By David A. Bell
The new Weekly Standard boasts a cover showing a U.S. soldier in Iraq, over the caption "Does Washington Have His Back?" The implication, of course, is that the politicians in Washington are letting our troops down, keeping them from completing their mission, holding them back from victory, etc. Sentiments of this sort have been commonplace on the pro-war right for years now, ranging in vehemence from the Standard's relatively polite version to the cries of "treason" that splatter continuously out of the loonier radio talk shows. In fact, these sentiments have become so common that few people even notice how deeply pernicious they really are.
It should an obvious point that in democracies, elected governments decide on policy and armed forces implement it. If you believe that armed forces should be doing the deciding--whether because of their greater expertise, or the moral superiority that comes from their greater willingness to sacrifice--then you are not a democrat (small d), but a militarist. In democracies, elected governments can certainly let their armed forces down. They can do so, for instance, by giving them a job and then failing to provide them with sufficient resources to accomplish it, as many argue the Bush administration has done in Iraq. But elected governments--and last I heard, our own included something called the "legislative branch"--cannot by definition let the troops down by debating policy, or changing it. This is the government's job. It can do it unwisely, but the fact remains that the troops' own job is simply to carry the policy out, however misguided it may be.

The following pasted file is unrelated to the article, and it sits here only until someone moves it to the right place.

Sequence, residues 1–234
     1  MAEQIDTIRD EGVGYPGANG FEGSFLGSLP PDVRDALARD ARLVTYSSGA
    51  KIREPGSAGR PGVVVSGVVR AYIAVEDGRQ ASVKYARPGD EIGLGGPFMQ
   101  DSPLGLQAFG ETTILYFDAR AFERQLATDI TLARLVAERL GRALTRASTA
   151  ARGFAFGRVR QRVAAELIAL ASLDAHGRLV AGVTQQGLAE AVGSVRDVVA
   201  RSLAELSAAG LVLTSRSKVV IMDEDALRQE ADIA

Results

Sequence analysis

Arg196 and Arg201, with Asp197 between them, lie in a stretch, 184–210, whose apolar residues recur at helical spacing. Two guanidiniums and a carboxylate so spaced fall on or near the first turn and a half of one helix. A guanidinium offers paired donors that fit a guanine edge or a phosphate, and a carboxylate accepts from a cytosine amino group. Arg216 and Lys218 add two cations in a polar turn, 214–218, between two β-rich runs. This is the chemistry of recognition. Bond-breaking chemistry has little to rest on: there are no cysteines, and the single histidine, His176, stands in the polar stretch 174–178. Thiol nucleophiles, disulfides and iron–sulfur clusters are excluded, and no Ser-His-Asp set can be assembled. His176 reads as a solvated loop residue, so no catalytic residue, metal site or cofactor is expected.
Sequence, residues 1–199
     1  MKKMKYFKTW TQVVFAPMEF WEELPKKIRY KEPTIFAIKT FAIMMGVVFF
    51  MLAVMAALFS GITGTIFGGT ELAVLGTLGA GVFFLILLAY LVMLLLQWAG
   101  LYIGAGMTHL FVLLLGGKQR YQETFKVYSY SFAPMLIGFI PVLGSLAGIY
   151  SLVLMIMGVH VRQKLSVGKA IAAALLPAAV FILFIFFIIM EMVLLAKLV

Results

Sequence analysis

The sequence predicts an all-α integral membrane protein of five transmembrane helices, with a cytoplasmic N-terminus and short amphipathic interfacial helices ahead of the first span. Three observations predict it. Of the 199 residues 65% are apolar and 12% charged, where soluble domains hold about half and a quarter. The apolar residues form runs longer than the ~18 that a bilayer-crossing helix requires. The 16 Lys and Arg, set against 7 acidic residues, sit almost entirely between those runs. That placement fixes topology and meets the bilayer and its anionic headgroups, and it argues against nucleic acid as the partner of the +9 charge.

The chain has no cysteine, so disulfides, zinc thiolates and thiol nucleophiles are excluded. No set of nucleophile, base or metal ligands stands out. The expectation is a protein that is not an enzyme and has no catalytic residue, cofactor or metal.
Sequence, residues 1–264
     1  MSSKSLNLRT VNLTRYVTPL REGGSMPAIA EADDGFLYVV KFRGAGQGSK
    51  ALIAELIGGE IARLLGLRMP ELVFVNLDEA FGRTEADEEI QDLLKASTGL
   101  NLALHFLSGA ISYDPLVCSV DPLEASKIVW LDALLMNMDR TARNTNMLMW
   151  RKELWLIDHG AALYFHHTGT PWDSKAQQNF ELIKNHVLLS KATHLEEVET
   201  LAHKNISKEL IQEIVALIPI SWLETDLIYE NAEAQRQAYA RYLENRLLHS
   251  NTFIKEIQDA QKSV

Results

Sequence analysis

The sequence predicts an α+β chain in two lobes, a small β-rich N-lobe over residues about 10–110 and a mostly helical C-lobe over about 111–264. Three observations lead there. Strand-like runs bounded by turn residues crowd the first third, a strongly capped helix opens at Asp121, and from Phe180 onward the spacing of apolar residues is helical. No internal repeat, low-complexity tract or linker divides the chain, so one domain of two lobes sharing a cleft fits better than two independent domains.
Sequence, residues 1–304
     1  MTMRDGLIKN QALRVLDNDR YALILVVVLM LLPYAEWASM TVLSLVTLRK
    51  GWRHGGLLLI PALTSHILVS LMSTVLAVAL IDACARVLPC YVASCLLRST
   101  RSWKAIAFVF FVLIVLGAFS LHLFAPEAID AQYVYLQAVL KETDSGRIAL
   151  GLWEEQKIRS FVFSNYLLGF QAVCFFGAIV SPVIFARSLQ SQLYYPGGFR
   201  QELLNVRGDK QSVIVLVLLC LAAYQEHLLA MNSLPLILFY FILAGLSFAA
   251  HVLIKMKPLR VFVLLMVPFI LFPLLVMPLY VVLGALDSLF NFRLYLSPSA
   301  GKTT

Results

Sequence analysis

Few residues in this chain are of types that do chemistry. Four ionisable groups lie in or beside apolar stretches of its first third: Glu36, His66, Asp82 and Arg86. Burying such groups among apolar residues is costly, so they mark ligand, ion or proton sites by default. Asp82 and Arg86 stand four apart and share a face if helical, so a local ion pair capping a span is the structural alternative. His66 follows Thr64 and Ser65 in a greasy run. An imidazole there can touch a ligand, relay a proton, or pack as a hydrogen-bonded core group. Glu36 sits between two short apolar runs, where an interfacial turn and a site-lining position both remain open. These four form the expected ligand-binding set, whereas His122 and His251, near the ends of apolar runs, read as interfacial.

To say that "Washington" is letting the troops down by debating a change of course in the war comes dangerously close to implying that the troops, rather than "Washington," should be deciding whether the war continues. Of course the expertise and opinions of the armed forces should always be taken into account. But to suggest that the politicians should do more than this--that they should cease debate and let the troops "do their job," "complete their mission," and the like--is not "supporting the troops." It is betraying the spirit of the democratic constitution those troops have sworn to defend.